2. I think it depends on what you’re simplifying or what your reality is. I used to have a list of things I enjoyed doing over the holidays every year but all that has been replaced with what others expect me to do over the holidays and what they think the holidays should be. [Others being extended family] This year I’m dumping everyone else’s expectations and going back to my own. I’d much rather spend time in front of the Christmas tree listening to holiday music than endless hours in the kitchen preparing meals with complicated recipes saved only for holidays. To me, You Have More Time Than You Think means that I DO indeed have time to enjoy the things I like to do. If that means dropping things I don’t enjoy doing, so be it. Call me Scrooge…

    1. @Tana – I am all in favor of dumping other people’s expectations (see the post earlier this week on dealing with people who eat your time). Yes, if you don’t want to do it, don’t do it! I purposefully try to keep expectations low; I don’t have a recipe I’m “known” for, and we don’t have much extended family around, so there aren’t a whole lot of expectations there. We are all dealing with different situations.

  3. I take the “simplify holidays” articles to mean “stop doing the things you don’t enjoy”. I think it’s not unique to the holidays that people blindly take on projects and accept invitations without thinking for a minute about whether it’s something that would really bring them some benefit or happiness. I just think there are more “opportunities” during the holidays to just blindly accept and go to.

    I declined an early evening holiday party because the cost-benefit (to me!) of finding additional childcare and driving 45+ min during rush hour both ways was just not worth it to socialize with people I don’t know well. However, if it was a cherished friend’s party, I’d be all over that “hassle” because it would be worth it.

    So maybe there just needs to be more holiday navel-gazing about whether the activities and projects chosen are actually going to be fun rather than going for a purely minimalist holiday?

  4. I feel somewhat similarly, but I’ve written my fair share of posts about keeping Christmas simple.

    Why? Because while I might be pretty good at keeping holidays manageable and jolly, I know a lot of other people aren’t. So, I write about how we celebrate Christmas simply. It’s not that I’m simplifying Christmas, it’s that I’ve always kept it simple, and I’m trying to help other people who aren’t quite as good at it.

    Like you said in the comments, I think the key is knowing your priorities and making your Christmas work within those bounds (as opposed to doing whatever society/family/women’s magazines expect of you).

  5. I had a brief stint as a preschool teacher, and I was shocked by how much some parents gave for Christmas gifts! I of course appreciated their generosity, but it did make me reconsider the kinds of gifts I give–more token than extravagant. But it was the personal notes that meant most–sure, I appreciated the $100 gift card, but when I received an envelope that didn’t even have my name on it, the gesture was somewhat lost.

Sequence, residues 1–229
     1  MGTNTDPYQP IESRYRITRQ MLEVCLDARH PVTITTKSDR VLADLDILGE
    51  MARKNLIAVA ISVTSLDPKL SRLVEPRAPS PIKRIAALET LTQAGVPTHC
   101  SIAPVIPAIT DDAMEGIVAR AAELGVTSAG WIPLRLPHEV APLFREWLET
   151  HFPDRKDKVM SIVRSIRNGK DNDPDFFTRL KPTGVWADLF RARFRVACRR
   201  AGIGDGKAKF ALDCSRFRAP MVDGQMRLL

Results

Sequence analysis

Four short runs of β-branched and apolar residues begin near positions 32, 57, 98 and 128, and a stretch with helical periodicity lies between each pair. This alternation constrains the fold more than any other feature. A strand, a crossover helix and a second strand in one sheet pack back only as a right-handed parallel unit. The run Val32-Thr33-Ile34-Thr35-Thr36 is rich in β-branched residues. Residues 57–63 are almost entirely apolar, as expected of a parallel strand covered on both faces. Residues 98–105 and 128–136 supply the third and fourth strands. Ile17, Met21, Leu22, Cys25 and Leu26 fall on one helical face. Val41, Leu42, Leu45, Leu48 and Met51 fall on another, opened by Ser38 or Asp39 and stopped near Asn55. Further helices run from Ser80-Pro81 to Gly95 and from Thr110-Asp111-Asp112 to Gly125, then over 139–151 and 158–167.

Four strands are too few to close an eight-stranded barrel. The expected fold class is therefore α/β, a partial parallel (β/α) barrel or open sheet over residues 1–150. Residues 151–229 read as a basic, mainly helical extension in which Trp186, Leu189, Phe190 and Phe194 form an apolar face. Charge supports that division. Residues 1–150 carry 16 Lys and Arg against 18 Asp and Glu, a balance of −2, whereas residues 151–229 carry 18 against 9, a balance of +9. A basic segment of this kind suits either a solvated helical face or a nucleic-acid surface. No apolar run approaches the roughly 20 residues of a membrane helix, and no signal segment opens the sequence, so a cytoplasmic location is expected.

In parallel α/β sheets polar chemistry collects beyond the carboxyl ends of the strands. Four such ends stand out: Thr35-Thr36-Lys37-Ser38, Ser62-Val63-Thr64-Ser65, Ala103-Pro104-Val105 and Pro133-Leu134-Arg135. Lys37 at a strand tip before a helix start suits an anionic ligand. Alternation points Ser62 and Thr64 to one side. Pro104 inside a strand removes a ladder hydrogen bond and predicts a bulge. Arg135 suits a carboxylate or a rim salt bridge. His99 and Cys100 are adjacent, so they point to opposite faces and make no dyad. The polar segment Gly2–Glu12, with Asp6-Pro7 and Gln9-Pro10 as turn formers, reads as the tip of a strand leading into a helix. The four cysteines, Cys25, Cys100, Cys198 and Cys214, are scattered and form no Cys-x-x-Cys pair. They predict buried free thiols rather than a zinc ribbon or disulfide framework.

6. I really liked this post. I am definitely a default “no-er.” I say no to anything that interferes with naptime, bedtime or I think is likely to induce more stress by bringing the family than fun. In short, I say no to just about everything. But, during the holiday season I try to have one big outing per weekend. Hayride to see Christmas lights, local children’s theater, polar express train ride, breakfast with Santa. I can’t say they have always been fun but it’s good to step out of my comfort zone during the holiday season. I still don’t bake with my kids though. It’s a nightmare and I’m not that ready to leave my comfort zone.

    1. @beth – I’m definitely doing the baking when I have one kid around, not 3. And it will likely be low-key. Sugar cookies are doable. This whole 3-layer meringue cake with homemade caramel bits in Martha Stewart Living? Not so much. But I’m very happy that I just went and ordered a ton of Christmas books to make an advent calendar with. I think the kids will like it and I’ll like it, and perhaps it can be a new holiday tradition…

      1. I do a version of the holiday advent book thing. I check out the books from the library and don’t wrap them but we do several holiday books at bedtime throughout the month of December. I definitely have to reserve them in advance from the library though.

  7. I love this post. This type of thinking and writing is exactly what I liked about 168 hours. Is there really a problem here for most people? No. Enjoy it!

    But this may be my attitude because of naturally keeping things simple, so there is plenty of margin to fill in December. I realised a while back that the one part of Christmas that I don’t enjoy is all the presents. I have accepted this, and do keep this part to a minimum. But I love lots and lots of advent traditions. So we go for a ridiculous number of advent calendars — the wrapped pile of books, chocolate calendars, two different computer desktop varieties, and one with pockets containing a card for each date with a Christmas activity on each. Some are very simple, like making a Christmas card for the grandparents, and some are for big events like going to see a show or ice skating. I love it!

    Happy Christmas everyone xxx

    1. @Alison – thanks! It’s fun to do extra stuff for the holidays. Not stuff you don’t want to do, but there’s no reason to feel we have to plug into some put-upon narrative.

Leave a Reply

Your email address will not be published.